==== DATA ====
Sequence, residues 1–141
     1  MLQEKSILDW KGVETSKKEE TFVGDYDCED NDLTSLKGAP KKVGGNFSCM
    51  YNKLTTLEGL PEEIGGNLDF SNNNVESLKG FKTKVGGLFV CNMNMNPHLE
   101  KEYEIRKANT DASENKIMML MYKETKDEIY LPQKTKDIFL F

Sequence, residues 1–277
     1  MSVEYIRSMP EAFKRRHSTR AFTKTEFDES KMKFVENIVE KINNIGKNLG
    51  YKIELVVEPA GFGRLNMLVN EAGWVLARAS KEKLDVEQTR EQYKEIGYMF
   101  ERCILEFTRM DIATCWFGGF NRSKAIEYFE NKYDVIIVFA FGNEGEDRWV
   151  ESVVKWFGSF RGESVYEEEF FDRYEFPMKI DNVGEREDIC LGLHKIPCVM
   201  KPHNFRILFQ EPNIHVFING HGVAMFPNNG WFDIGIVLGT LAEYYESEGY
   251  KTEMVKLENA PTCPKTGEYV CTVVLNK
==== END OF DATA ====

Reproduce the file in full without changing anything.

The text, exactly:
Sequence, residues 1–141
     1  MLQEKSILDW KGVETSKKEE TFVGDYDCED NDLTSLKGAP KKVGGNFSCM
    51  YNKLTTLEGL PEEIGGNLDF SNNNVESLKG FKTKVGGLFV CNMNMNPHLE
   101  KEYEIRKANT DASENKIMML MYKETKDEIY LPQKTKDIFL F

Sequence, residues 1–277
     1  MSVEYIRSMP EAFKRRHSTR AFTKTEFDES KMKFVENIVE KINNIGKNLG
    51  YKIELVVEPA GFGRLNMLVN EAGWVLARAS KEKLDVEQTR EQYKEIGYMF
   101  ERCILEFTRM DIATCWFGGF NRSKAIEYFE NKYDVIIVFA FGNEGEDRWV
   151  ESVVKWFGSF RGESVYEEEF FDRYEFPMKI DNVGEREDIC LGLHKIPCVM
   201  KPHNFRILFQ EPNIHVFING HGVAMFPNNG WFDIGIVLGT LAEYYESEGY
   251  KTEMVKLENA PTCPKTGEYV CTVVLNK